Source: Science for Environment Policy
Every year many marine animals including seabirds, sea turtles and sharks are unintentionally caught as bycatch in commercial fishing gear. Recent research has demonstrated that illuminating fishing nets with ultraviolet (UV) lights can reduce sea turtle bycatch without significantly affecting the number of fish caught or their market value.
Small-scale coastal gillnet fisheries are widespread and previous studies suggest that high numbers of sea turtles are trapped as bycatch in such fisheries, hampering efforts to conserve sea turtle populations. However, many local communities depend on small- scale fisheries and researchers are investigating ways to reduce the bycatch of marine animals, while at the same time preserving the amount and value of target fish caught.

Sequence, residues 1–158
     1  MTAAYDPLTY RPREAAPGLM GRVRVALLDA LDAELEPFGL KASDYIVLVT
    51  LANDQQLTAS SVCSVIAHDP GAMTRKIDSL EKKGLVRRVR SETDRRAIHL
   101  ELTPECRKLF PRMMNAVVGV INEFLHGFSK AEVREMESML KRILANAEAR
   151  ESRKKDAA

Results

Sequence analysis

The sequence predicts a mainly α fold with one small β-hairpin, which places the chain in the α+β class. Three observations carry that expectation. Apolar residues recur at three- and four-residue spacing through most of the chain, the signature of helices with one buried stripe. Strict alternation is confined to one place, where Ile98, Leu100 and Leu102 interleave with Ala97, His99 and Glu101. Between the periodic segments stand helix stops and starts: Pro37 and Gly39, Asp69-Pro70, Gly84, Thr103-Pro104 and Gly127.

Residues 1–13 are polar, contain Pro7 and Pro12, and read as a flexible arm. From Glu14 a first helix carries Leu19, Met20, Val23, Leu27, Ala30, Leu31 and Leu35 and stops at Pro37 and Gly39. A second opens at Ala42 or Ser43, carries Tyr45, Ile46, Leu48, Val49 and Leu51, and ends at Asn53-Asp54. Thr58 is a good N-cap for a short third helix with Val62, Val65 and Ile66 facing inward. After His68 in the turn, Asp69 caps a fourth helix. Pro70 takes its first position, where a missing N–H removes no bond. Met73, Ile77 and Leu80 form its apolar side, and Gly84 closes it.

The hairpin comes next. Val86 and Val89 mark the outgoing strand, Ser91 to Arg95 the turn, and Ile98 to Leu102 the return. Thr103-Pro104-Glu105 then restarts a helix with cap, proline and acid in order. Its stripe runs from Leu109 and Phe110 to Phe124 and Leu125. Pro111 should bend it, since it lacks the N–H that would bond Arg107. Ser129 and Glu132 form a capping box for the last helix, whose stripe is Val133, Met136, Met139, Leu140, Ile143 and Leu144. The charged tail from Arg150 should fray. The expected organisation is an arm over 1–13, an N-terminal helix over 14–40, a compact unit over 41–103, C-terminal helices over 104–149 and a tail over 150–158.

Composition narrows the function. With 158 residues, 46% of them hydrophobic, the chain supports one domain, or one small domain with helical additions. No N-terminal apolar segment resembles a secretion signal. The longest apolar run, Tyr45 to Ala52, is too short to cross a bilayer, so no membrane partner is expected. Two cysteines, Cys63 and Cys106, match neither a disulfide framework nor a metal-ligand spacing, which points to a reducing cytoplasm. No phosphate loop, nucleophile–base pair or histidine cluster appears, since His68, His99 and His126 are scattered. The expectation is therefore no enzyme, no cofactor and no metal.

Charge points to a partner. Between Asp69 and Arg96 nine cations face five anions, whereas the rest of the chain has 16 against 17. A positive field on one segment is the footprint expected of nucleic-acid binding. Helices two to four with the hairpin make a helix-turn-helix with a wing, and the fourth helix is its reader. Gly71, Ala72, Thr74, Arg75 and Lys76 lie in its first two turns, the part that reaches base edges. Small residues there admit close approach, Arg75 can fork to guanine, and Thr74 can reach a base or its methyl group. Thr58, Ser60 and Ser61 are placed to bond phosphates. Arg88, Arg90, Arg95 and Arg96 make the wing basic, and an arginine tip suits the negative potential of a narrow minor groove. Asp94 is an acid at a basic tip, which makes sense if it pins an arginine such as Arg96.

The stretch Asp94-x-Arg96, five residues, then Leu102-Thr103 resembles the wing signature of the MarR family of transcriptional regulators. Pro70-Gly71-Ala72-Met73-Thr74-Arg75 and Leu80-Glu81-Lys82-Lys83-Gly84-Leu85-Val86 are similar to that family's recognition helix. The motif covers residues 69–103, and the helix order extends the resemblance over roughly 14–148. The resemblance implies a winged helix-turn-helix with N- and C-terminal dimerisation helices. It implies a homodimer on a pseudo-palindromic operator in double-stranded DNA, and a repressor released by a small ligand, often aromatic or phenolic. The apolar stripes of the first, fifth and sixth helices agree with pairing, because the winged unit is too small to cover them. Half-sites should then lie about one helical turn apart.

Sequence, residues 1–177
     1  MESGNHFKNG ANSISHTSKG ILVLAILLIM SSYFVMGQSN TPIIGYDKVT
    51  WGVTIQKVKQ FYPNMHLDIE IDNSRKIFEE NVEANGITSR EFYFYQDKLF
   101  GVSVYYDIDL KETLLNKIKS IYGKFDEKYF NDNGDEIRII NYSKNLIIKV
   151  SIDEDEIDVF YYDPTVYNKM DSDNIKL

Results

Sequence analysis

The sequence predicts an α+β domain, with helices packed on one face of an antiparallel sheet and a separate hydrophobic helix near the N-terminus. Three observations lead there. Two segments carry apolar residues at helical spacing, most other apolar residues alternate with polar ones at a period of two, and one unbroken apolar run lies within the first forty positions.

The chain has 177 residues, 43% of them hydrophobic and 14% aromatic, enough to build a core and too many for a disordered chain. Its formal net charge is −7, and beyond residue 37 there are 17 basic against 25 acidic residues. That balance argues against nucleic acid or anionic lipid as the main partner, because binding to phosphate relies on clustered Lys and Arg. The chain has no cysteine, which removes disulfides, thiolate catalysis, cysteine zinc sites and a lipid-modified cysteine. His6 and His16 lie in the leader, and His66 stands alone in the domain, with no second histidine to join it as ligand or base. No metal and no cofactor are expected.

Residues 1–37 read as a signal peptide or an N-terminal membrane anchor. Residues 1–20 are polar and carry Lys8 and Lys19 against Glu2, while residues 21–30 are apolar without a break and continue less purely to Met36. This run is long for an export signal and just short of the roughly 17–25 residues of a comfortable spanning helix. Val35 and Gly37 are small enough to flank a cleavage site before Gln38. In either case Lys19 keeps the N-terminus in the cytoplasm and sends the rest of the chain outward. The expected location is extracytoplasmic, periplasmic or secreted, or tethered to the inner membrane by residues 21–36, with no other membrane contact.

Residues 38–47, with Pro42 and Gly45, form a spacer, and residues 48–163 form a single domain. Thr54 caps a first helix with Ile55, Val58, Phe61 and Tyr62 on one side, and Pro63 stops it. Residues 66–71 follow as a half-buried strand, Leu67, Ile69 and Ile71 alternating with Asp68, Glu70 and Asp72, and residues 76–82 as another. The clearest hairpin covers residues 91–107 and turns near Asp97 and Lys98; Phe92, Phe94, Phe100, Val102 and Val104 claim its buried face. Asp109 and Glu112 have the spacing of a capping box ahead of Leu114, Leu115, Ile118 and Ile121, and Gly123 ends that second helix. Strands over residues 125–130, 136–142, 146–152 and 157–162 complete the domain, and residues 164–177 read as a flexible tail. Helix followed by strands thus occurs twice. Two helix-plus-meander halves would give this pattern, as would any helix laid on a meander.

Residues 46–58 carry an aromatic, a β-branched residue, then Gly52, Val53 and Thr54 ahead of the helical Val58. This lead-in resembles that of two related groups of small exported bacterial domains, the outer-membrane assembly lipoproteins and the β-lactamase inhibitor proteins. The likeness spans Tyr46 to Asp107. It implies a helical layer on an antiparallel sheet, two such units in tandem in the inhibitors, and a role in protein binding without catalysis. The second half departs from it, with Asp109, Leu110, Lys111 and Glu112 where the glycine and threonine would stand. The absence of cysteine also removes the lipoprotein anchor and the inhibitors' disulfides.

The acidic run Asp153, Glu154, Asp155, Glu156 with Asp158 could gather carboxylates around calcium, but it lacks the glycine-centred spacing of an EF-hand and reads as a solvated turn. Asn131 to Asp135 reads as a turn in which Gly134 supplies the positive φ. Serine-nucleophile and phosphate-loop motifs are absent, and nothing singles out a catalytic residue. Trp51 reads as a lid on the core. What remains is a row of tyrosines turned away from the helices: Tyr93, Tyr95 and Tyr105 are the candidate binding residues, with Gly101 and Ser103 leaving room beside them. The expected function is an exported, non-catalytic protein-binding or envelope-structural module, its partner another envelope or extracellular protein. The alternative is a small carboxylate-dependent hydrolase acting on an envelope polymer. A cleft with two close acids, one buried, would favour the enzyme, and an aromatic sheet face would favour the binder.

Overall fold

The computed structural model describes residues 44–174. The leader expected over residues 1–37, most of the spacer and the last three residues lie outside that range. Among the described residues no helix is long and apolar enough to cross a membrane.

One promising bycatch reduction technology relies on the differences in vision between sea turtles and many species of fish. Researchers have already found that nets equipped with green light-emitting diodes (LEDs) or chemical lightsticks can reduce catch rates of the green sea turtle (Chelonia mydas). Research has also shown that green loggerhead (Caretta caretta) and leatherback (Dermochelys coriacea) sea turtles are sensitive to UV light, and although some fish species have UV vision, several economically-important fish species do not.